I've been studying foreign languages for some 47 years now, and during that time I've made my fair share of mistakes. People think that learning Greek, for example, is straightforward. You buy a textbook and study, right? It's actually a bit more technical than that. So I wanted to put together this list of common mistakes that beginning Greek students sometimes make so you can avoid them yourself. This list is likely to be new for beginners, but even as a seasoned student of Greek you might learn something. With that in mind, here are some common mistakes beginners make, and how to fix them.
1. Choosing the wrong textbook. Now, I realize that choosing a grammar is a highly subjective matter. It's like when people ask me, "Which English Bible versions do you recommend?" My answer is usually, "All the good ones." The fact is, we have an embarrassment of riches when it comes to Greek grammars. Some are brief. Others contain everything but the kitchen sink. Some are classroom-focused. Others are more suitable for self-learning. Some have self-contained exercises. Others require you to buy an additional workbook. So you'll need to do a little due diligence on your part before you get started so that you can pick a grammar that is suitable for your needs. My advice is to go over to Amazon and read the comments section before deciding which book to purchase.
2. Tackling too much information too quickly. When I teach beginning Greek, our pace is a very simple and manageable one. We cover one lesson per week, with a week off every 5 weeks for review. Moreover, my beginning grammar has 26 chapters, meaning that you need to work through only 13 per semester. If you're studying privately, I would recommend you try this pace and see if works for you -- one lesson each week. Anything faster than that might lead to sensory overload and early burnout.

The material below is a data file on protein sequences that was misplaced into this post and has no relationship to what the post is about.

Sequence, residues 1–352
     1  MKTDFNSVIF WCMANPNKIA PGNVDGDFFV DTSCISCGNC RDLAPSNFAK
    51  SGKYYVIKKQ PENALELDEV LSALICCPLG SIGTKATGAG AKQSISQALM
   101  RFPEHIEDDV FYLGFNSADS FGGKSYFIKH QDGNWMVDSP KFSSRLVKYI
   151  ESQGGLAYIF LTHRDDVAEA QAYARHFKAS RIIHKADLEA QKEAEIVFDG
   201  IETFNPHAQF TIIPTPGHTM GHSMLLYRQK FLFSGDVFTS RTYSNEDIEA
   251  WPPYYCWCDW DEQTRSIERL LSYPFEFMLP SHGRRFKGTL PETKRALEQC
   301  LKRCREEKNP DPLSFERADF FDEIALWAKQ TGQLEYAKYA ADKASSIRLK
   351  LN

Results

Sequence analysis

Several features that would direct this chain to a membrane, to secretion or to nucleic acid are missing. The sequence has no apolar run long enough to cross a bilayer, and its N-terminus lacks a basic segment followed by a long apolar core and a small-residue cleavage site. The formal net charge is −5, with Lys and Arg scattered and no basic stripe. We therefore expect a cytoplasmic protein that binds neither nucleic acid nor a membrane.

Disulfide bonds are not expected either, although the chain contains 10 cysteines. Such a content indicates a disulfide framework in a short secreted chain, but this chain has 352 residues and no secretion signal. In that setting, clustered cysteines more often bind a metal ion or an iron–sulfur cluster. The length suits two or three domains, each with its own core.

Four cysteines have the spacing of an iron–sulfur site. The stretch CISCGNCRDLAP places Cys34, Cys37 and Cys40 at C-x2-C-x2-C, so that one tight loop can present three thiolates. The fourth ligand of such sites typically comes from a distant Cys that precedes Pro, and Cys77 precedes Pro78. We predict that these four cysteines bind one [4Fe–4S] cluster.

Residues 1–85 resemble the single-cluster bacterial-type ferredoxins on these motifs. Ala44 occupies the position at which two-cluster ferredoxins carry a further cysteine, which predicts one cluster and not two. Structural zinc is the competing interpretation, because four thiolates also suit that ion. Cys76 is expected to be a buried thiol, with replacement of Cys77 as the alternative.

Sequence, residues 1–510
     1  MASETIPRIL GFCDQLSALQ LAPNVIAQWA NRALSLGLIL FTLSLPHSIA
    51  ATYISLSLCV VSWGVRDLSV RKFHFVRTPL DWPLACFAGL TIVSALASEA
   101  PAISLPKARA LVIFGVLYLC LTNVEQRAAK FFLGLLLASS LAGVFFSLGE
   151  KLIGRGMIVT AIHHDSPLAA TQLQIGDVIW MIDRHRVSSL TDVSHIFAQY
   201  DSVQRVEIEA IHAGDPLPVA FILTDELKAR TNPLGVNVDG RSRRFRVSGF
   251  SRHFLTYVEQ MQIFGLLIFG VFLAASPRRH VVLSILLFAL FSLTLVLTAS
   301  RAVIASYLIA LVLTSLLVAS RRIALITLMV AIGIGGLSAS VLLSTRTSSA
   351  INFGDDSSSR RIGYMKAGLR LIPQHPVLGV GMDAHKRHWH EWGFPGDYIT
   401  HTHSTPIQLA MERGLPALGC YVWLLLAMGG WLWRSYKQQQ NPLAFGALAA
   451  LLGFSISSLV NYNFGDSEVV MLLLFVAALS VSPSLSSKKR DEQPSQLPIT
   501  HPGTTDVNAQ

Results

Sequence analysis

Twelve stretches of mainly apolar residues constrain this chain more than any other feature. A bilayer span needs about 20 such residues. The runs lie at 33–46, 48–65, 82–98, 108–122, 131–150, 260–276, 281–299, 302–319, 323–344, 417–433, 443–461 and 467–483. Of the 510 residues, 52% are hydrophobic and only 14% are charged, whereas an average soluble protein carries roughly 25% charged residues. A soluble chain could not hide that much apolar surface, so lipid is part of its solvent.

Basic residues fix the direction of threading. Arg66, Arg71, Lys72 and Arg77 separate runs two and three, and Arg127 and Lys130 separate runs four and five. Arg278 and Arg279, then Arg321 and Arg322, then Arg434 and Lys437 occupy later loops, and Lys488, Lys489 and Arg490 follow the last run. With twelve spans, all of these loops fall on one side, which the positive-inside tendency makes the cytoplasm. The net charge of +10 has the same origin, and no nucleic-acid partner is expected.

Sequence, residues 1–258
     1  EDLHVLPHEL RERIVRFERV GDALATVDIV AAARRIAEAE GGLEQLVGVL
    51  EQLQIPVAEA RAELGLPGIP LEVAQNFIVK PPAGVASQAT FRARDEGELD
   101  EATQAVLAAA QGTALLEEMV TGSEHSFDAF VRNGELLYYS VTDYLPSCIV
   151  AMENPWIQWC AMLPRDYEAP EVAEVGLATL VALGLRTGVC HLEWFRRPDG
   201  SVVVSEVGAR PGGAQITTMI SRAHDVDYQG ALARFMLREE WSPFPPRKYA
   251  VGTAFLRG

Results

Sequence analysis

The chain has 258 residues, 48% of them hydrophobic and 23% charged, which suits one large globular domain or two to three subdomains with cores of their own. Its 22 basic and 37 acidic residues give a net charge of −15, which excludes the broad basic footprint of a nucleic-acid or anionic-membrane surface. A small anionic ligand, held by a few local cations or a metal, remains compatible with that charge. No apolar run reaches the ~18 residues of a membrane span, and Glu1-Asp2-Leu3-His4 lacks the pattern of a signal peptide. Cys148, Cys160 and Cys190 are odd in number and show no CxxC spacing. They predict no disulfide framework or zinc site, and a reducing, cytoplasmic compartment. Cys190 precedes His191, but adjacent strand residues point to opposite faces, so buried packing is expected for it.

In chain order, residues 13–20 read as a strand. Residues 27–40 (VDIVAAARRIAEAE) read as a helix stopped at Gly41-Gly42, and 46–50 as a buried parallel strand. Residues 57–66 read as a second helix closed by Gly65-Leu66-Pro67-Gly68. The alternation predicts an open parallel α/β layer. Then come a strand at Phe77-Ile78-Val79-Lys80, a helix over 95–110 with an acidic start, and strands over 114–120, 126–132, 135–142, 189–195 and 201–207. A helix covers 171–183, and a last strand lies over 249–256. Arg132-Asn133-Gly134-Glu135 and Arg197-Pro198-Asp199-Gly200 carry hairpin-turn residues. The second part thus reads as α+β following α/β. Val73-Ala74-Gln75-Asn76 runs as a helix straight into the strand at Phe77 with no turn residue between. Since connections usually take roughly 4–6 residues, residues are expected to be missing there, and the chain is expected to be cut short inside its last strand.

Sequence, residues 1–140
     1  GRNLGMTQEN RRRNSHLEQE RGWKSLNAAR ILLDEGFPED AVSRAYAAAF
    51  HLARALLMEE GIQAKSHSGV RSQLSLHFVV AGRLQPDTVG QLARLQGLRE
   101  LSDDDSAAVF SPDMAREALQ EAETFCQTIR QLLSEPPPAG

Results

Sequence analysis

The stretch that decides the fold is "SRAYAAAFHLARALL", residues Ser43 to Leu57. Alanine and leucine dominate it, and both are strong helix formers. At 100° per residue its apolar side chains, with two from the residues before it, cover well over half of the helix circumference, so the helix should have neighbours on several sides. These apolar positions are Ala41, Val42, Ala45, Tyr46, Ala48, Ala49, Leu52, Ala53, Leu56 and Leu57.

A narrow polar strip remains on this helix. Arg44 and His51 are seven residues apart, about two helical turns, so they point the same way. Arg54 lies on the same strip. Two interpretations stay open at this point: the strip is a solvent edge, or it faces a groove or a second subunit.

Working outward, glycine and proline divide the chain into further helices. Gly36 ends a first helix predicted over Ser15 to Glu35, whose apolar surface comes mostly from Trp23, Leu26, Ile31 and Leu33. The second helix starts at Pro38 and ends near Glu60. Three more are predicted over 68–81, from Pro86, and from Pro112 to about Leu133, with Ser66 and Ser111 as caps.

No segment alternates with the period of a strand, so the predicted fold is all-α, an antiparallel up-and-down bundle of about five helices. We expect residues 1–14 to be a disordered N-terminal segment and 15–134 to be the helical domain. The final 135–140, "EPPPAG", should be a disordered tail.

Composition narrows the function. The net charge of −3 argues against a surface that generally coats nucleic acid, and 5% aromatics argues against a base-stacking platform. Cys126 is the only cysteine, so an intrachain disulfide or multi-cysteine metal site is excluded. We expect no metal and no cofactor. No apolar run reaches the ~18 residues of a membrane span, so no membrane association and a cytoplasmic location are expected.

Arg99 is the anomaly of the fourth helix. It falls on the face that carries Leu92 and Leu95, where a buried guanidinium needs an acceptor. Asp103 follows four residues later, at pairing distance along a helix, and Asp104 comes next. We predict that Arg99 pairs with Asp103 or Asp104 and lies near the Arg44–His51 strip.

3. Not doing the exercises. In most textbooks (mine included), you'll find a series of Greek to English exercises at the end of the chapter you're studying. Often you'll also find an answer key to these exercises in the back of the book (as in my grammar). These exercises can't be overlooked if your goal it to master New Testament Greek. Be sure to work through all of them on a weekly basis and then be sure to consult the answer key to see if you made any mistakes. Understand how and why you went wrong before going on to the next hopater.
4. Spending too much money on other grammars in addition to your basic grammar. These "bells and whistles" may look promising, but it is far better to stick with your textbook and perhaps take an occasional peek at other grammars when you get stumped and would like to see how other writers have handled the subject. Avoid the shiny object syndrome if you possibly can.
5. Expecting linear progress. Learning Greek is far from a linear process. I dropped out of my beginning Greek class at Biola after only three weeks. Only later did the language "click" with me when I enrolled in Moody Bible Institute's first year Greek course by correspondence. There are, of course, many people who have much smoother journeys, but they tend to have more background in languages or else a higher aptitude for foreign language acquisition. For many of us, however, it's only normal to have setbacks along the way. If you want Greek to be a long-term part of your life, understand that your progress won't be perfectly linear. Expect ups and downs, but that's what makes the happy moments so worthwhile.